From our marriage & parenting contributor, Mary Carver.
While we are in the middle of the busy holiday season, it is hard to stay connected and schedule time to be together. We’ve learned some simple ways to spend time together that won’t increase your stress levels!
I told someone the other day that my husband and I aren’t even ships passing in the night right now. We’re more like ships in completely different oceans.
Thankfully, we do live in the same house.
My husband isn’t deployed or traveling extensively for work.
But he does work incredibly long hours on the night shift, which means our time together – as a couple and as a family – is extremely limited.
Recently we’ve been attending a marriage class at our church, and one of the topics we’ve covered is connection.
In our particular group it felt like my husband and I have a unique struggle, but I know that’s not the case in general.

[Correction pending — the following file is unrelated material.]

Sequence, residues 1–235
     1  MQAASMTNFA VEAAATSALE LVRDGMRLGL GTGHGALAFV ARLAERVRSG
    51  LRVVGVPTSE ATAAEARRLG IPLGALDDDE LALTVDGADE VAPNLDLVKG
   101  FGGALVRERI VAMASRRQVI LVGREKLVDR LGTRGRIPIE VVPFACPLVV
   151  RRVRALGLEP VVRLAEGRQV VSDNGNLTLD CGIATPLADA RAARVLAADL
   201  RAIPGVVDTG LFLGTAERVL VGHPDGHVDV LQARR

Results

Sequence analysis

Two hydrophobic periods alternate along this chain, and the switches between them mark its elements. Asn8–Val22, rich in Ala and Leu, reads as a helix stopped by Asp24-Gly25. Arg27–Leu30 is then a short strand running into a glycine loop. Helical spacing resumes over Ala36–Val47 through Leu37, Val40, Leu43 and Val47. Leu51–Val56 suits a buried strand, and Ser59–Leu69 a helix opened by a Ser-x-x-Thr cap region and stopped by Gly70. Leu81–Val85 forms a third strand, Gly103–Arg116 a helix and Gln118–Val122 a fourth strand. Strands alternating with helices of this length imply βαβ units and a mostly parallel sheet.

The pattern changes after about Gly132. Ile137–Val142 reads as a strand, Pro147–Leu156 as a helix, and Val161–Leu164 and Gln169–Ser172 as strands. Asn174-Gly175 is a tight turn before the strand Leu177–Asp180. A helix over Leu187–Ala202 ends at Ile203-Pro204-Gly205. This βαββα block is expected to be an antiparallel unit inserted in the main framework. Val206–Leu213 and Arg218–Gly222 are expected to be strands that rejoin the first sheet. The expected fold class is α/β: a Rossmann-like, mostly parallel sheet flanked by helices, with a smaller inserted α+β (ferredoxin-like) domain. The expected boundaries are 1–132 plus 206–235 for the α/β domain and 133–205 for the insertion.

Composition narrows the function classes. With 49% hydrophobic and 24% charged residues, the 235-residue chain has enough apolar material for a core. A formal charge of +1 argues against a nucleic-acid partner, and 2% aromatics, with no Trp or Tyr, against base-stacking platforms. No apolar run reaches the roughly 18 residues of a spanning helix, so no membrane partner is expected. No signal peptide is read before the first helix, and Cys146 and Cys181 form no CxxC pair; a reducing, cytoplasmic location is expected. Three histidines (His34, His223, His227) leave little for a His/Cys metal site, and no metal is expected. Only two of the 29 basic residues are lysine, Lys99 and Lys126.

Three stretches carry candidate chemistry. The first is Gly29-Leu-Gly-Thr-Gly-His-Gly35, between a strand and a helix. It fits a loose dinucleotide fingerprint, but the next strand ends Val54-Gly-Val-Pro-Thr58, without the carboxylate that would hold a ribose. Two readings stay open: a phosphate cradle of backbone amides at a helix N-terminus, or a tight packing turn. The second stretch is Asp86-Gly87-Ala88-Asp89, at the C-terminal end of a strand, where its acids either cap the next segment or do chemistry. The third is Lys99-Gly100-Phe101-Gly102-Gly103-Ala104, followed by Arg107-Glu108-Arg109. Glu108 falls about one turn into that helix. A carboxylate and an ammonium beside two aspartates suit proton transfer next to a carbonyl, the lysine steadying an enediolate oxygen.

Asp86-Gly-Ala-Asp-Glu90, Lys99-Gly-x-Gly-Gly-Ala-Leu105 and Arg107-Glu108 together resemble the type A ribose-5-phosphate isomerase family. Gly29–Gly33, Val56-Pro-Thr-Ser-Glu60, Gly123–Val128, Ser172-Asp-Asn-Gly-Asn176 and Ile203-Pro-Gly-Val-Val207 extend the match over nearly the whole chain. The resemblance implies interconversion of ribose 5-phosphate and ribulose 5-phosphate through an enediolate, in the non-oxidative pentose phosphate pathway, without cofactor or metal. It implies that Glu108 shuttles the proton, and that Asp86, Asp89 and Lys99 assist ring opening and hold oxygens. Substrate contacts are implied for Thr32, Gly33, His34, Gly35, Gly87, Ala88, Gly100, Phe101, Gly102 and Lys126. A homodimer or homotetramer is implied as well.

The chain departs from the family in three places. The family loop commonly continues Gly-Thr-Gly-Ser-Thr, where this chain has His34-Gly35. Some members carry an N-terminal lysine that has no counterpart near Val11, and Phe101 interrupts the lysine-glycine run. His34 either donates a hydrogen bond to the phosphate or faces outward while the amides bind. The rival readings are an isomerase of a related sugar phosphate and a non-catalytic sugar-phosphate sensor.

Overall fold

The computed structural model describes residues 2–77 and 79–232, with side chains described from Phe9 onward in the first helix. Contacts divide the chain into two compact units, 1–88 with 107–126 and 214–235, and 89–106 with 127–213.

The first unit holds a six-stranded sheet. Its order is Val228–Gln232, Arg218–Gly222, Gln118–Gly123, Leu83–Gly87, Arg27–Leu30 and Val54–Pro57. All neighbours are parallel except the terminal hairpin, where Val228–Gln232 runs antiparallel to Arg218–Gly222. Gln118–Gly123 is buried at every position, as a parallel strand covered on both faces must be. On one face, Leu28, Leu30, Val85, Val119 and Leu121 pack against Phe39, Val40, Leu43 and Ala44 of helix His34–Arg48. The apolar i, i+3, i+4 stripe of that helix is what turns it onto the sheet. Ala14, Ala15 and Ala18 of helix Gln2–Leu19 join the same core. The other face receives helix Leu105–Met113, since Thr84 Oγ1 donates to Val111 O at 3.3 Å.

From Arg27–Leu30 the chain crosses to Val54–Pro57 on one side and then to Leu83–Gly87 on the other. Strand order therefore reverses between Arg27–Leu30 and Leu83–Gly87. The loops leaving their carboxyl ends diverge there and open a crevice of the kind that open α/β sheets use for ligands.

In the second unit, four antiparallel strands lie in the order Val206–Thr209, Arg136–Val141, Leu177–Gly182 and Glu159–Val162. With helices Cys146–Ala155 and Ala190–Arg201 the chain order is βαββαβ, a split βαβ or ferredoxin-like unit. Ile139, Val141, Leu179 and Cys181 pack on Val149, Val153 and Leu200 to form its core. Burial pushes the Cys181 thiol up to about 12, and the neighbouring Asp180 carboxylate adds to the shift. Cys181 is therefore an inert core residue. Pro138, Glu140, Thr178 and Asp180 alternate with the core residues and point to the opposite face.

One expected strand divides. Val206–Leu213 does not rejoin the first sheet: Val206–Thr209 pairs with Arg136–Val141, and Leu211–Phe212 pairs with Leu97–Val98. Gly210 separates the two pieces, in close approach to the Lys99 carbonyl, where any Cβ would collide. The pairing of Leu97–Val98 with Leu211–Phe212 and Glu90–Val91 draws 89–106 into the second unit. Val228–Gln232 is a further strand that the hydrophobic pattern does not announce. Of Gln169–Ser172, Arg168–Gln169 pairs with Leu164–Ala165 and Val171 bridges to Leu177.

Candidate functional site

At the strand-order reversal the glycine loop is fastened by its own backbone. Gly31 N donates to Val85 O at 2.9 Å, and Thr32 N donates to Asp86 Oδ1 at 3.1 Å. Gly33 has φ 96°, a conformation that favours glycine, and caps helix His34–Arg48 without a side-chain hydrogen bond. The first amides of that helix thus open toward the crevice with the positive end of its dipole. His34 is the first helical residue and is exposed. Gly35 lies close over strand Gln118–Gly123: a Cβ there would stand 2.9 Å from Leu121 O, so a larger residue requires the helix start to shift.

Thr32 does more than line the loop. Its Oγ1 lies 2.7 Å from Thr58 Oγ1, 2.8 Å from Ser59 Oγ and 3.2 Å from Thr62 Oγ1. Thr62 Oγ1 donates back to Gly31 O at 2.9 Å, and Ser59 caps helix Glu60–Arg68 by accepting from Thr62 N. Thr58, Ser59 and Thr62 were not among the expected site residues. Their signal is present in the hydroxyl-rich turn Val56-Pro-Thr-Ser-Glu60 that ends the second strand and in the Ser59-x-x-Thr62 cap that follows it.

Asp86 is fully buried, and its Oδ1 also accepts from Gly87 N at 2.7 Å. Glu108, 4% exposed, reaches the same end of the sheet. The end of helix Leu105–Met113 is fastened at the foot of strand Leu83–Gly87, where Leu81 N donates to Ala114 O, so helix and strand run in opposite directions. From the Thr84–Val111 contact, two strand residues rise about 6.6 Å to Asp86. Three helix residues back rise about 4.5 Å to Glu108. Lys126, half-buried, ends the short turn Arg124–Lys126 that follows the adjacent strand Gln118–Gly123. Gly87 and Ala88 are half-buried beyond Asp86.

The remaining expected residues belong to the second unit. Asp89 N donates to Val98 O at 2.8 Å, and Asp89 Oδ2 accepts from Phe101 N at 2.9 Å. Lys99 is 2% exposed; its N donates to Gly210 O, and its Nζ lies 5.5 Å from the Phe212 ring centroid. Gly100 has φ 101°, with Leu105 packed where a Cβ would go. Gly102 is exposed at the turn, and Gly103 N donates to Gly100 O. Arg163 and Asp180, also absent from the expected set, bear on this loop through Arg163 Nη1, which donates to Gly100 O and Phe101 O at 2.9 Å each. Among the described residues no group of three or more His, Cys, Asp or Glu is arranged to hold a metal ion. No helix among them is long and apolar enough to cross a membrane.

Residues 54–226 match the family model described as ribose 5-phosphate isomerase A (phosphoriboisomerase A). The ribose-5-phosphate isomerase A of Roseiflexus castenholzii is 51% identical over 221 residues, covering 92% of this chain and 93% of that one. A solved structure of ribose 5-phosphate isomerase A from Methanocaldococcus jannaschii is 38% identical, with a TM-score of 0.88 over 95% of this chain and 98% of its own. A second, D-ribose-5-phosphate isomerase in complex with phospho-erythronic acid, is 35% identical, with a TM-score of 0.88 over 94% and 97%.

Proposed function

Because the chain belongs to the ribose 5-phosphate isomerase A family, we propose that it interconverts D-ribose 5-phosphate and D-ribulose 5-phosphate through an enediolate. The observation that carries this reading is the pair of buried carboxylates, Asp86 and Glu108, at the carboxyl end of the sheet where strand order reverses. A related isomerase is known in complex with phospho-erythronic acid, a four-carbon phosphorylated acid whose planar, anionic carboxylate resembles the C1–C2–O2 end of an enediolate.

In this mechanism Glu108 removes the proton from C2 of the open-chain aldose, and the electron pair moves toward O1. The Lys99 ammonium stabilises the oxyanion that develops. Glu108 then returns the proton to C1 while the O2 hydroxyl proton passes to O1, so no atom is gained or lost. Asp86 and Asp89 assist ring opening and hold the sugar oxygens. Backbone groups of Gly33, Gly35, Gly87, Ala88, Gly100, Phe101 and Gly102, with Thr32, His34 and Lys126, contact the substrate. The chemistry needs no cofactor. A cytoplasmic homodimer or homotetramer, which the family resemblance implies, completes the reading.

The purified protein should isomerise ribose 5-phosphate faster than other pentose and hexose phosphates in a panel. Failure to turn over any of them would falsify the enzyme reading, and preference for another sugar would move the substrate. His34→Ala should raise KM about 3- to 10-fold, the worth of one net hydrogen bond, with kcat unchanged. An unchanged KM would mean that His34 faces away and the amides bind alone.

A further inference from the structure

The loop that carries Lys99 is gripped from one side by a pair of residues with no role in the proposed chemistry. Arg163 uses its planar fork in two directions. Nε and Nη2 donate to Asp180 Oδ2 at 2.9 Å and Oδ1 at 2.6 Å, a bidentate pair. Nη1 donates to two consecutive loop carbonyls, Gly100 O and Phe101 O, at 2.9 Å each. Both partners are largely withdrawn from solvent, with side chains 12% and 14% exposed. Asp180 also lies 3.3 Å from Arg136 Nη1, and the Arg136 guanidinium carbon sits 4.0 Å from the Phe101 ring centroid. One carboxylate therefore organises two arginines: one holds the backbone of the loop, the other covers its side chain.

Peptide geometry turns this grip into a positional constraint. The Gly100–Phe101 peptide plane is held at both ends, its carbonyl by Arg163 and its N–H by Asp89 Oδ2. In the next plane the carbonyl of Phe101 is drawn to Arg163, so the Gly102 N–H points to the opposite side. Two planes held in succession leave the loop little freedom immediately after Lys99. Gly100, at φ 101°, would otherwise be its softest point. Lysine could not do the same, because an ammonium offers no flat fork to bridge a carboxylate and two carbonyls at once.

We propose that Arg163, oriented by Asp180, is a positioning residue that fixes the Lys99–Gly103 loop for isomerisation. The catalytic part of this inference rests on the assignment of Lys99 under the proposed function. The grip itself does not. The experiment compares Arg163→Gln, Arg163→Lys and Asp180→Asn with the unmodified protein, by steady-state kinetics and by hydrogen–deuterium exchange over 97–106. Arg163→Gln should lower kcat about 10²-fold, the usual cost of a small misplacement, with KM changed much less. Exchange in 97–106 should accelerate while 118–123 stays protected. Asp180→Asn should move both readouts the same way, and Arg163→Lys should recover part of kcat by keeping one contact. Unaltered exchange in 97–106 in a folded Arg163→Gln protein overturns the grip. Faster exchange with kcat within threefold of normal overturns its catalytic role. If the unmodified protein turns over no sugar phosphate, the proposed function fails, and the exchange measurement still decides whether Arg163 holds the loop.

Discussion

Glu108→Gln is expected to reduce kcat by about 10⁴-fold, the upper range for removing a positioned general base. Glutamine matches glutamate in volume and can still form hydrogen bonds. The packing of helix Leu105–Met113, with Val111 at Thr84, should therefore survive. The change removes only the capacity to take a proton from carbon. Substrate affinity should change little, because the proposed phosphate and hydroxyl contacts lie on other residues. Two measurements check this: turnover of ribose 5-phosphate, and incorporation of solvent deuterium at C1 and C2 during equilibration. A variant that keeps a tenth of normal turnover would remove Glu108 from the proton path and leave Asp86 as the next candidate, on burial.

I have many friends whose husbands are gone at either unusual or unpredictable times or for extended time (and sometimes both).
When one or both spouses are away from home a lot, staying connected can be difficult.
If you or your husband work an odd shift, work more than one job, work in law enforcement or medicine, own or run a business, serve in the military, or any other number of things that keep you busy, connecting with him may take what feels like a superhuman effort.
And, of course, if you’re already running on steam because of that exhausting schedule, that make seem impossible!
But it’s not.
Staying connected to your husband doesn’t mean you need to plan (and pay for – ugh!) a weekend getaway every month.
You don’t need to schedule walks on the beach or candlelit dinners, or fear the consequences. (Although, let’s be honest. If you live near the beach or own candles, those things never hurt!)